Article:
Development of left ventricular thrombus (LVT) in patients with systolic dysfunction is associated with systemic embolism and increased morbidity and mortality [1, 2]. Most series have studied LVT following myocardial infarction. The incidence of LVT in developed countries has been on a downward trend [3]. In the 1980s, the reported incidence of post MI LVT was 17% overall, and up to 46% in patients with anterior MI. A recent meta-analysis of more than 10,000 patients examining the incidence of LVT in the era of primary PCI found the incidence to be 3% overall and 9% in anterior MIs [4]. LVT in the setting of non-ischemic cardiomyopathy has been much less studied. The incidence ranges between 11-44%. Reported clinical outcomes in patients with LVT vary. A 1988 study of serial echoes in 60 patients with LVT post MI reported a thrombus resolution rate of 40% during a mean follow-up of 24 months. Embolization occurred in 14% and death in 31% [5]. In a more recent retrospective study of 128 patients thrombus resolution occurred in between 40% to 100% of patients on repeat imaging at one year depending on the agent used for anticoagulation, embolic events in only 1.9% and death in 13% [6]. Traditionally warfarin has been used for anticoagulation in patients with LVT. Recently, several case series and observational studies have reported on the successful use of DOACs for this purpose [7, 8]. DOACs provide an attractive alternative to warfarin given the lack of need for therapeutic monitoring but more data is needed to establish both efficacy and safety. The 2017 ESC guidelines for STEMI recommend treatment of LVT with oral anticoagulation for up to six months guided by repeated imaging, but no agent preference is given [9].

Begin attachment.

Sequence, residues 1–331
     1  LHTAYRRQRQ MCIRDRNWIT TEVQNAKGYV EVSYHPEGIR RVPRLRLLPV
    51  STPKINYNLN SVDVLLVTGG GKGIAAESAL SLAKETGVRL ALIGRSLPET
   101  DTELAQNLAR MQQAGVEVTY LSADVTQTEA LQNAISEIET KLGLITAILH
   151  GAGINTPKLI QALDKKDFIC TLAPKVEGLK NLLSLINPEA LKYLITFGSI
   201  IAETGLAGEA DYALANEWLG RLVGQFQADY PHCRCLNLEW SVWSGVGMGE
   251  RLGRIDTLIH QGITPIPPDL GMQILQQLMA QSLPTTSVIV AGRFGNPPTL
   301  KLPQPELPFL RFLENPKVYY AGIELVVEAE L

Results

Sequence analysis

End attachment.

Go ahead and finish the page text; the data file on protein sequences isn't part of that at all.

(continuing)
Little is known about the incidence and etiology of LVT in sub-Saharan Africa. Cardiovascular epidemiology on the continent is experiencing a transition and is uniquely affected by challenges in availability of expertise and underdeveloped systems of care [10, 11]. There is a growing prevalence of ischemic heart disease and acute coronary syndromes [12]. Unfortunately, delayed presentation and missed MI is a common problem, and primary PCI remains unavailable to the vast majority of the population [13]. This study has been designed to document the echocardiographic and clinical outcomes of LVT in a sub Saharan African population, to gain insight into the underlying risk factors, study local treatment practices, and to evaluate long term outcomes.